In Canada and some other countries, the Robertson, a square-tipped screwdriver also known as Scrulox, is more commonplace. It features a tapered socket and tool that enables easier insertion into screws. Many users love it because they can use it one-handed. In fact, it is part of the historic production success of the Canadian division of Ford cars as they helped speed up production and reduce product damage.
On the other hand, in Europe and Far East, they use the Pozidriv and the related Supadriv screwdrivers. While similarly designed as the Phillips screwdriver, the Pozidriv and Supadriv screwdriver gives more torque application than other screwdrivers.
The less common screwdriver is the Torx, also known as start head for its six-slotted tip design, is used to tighten things much stronger than other screwdrivers. You can also find other screwdrivers such as clutch (hourglass-shaped tip), Reed and Prince, also called Frearson, (cross-headed), and the Japanese Industrial Standard (JIS), most common throughout the Asian market.
When it comes to Phillips screwdrivers, we can get them in four sizes – from #000, the smallest to #4, the largest. The #000 screwdriver is for jeweler-size screws. #2 is the standard for most screws. You can find the size of the screwdriver in the shank or handle of the tool. To safely use any screwdriver, you need to select the screwdriver and match it with the tip and size of the fastener’s (bolt or screw) head.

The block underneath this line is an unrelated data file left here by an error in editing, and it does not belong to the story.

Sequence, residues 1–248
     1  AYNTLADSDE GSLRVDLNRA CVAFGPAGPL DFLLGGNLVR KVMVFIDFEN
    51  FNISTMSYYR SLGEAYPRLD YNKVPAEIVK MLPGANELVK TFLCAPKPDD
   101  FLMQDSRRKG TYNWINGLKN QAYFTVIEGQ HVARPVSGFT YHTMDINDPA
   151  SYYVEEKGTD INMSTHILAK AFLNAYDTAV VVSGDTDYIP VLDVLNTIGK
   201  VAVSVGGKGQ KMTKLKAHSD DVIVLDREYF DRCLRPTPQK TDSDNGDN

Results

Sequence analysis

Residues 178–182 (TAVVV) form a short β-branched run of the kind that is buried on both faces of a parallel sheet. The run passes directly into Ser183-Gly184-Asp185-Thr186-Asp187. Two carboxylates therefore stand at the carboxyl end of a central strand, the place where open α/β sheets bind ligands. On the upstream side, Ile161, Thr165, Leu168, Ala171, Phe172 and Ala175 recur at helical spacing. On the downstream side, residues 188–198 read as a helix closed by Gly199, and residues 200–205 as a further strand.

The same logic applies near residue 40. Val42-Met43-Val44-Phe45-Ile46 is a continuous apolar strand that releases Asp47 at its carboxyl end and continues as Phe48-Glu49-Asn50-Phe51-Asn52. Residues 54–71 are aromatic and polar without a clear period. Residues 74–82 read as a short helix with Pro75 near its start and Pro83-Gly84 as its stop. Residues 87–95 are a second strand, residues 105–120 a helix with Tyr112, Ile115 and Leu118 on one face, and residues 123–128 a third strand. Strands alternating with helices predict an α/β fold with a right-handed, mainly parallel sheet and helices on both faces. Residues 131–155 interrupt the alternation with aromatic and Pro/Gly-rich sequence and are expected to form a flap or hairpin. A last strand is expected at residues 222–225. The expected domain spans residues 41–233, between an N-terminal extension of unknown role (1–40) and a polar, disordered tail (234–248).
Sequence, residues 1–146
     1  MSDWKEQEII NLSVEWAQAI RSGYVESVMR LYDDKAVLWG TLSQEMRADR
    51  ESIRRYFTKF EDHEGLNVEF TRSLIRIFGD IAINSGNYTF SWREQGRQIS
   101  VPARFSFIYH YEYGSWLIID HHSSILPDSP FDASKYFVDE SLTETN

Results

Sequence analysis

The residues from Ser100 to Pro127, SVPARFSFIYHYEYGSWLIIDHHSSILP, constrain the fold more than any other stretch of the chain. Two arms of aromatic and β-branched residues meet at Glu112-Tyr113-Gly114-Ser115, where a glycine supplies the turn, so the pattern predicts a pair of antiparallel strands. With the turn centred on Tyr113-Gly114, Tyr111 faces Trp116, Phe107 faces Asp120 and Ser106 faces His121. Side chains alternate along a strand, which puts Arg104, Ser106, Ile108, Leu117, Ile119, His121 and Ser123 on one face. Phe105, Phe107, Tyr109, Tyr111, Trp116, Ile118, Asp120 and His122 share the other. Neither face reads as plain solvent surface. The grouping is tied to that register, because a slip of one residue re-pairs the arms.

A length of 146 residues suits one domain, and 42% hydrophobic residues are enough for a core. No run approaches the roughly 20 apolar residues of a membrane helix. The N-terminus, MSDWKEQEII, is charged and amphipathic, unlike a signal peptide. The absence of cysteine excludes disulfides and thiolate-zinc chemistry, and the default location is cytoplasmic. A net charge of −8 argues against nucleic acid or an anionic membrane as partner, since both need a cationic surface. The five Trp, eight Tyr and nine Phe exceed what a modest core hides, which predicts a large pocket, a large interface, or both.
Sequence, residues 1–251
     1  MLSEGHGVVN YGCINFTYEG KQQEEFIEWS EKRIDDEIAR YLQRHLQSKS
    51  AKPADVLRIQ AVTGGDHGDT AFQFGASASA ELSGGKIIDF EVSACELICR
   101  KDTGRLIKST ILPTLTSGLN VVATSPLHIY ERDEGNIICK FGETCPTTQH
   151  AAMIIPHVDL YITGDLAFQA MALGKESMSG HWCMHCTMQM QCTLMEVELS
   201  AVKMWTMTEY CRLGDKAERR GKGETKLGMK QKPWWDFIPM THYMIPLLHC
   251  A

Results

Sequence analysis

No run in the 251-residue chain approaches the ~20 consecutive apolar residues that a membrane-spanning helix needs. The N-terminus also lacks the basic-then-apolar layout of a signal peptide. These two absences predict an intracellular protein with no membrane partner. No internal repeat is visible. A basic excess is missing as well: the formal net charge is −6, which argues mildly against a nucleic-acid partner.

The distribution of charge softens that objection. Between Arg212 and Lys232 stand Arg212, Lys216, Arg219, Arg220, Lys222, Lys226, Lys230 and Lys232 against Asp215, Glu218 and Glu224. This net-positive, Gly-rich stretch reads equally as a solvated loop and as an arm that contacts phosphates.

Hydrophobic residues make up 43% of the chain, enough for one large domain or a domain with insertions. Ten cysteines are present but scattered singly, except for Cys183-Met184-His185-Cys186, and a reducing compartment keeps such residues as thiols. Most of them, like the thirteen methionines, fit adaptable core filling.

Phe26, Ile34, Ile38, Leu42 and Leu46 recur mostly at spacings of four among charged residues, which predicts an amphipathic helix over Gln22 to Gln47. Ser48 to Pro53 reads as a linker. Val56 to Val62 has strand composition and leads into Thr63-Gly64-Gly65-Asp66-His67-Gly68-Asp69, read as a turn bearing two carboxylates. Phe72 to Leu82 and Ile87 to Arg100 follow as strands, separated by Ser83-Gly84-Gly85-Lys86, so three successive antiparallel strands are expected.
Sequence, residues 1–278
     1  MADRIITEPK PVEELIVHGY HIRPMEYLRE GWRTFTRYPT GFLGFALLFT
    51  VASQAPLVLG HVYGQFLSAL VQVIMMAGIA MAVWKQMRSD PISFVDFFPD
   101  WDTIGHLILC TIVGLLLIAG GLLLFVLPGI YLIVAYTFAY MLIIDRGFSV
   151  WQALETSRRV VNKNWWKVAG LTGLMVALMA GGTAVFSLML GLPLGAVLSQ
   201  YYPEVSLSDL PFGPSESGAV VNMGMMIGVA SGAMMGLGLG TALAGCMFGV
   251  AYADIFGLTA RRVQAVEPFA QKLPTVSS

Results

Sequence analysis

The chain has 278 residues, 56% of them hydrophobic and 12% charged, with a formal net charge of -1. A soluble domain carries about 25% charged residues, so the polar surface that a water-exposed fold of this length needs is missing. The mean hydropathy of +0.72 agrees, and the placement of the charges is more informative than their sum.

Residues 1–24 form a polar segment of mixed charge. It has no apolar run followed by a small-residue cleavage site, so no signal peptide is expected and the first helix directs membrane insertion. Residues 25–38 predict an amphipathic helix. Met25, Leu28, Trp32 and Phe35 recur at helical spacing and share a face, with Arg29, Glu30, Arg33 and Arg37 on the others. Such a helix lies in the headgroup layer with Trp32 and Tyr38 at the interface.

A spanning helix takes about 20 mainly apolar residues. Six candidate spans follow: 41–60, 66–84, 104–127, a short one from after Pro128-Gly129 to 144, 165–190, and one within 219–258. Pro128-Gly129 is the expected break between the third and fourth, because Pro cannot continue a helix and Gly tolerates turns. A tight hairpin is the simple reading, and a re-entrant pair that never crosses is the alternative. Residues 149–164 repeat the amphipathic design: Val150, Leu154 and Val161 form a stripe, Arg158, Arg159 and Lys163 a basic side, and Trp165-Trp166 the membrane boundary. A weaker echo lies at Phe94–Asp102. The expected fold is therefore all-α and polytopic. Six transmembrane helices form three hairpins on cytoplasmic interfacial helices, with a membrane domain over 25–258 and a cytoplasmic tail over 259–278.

If you do not match the screw tip with the right screwdriver, you risk damaging both the screw and the screwdriver. Worse, you also become vulnerable to hand injuries. To produce efficient work, always match the indentations in the head of the screw to the screwdriver.
Insert the tip of the screwdriver into the head of the fastener to verify it securely fits. If the screwdriver tip does not match the fastener indentations with a tight fit, the screwdriver can slip off the screw as you tighten it. Align the shaft of the screwdriver to the same angle as that of the screw to ensure the application of proper force.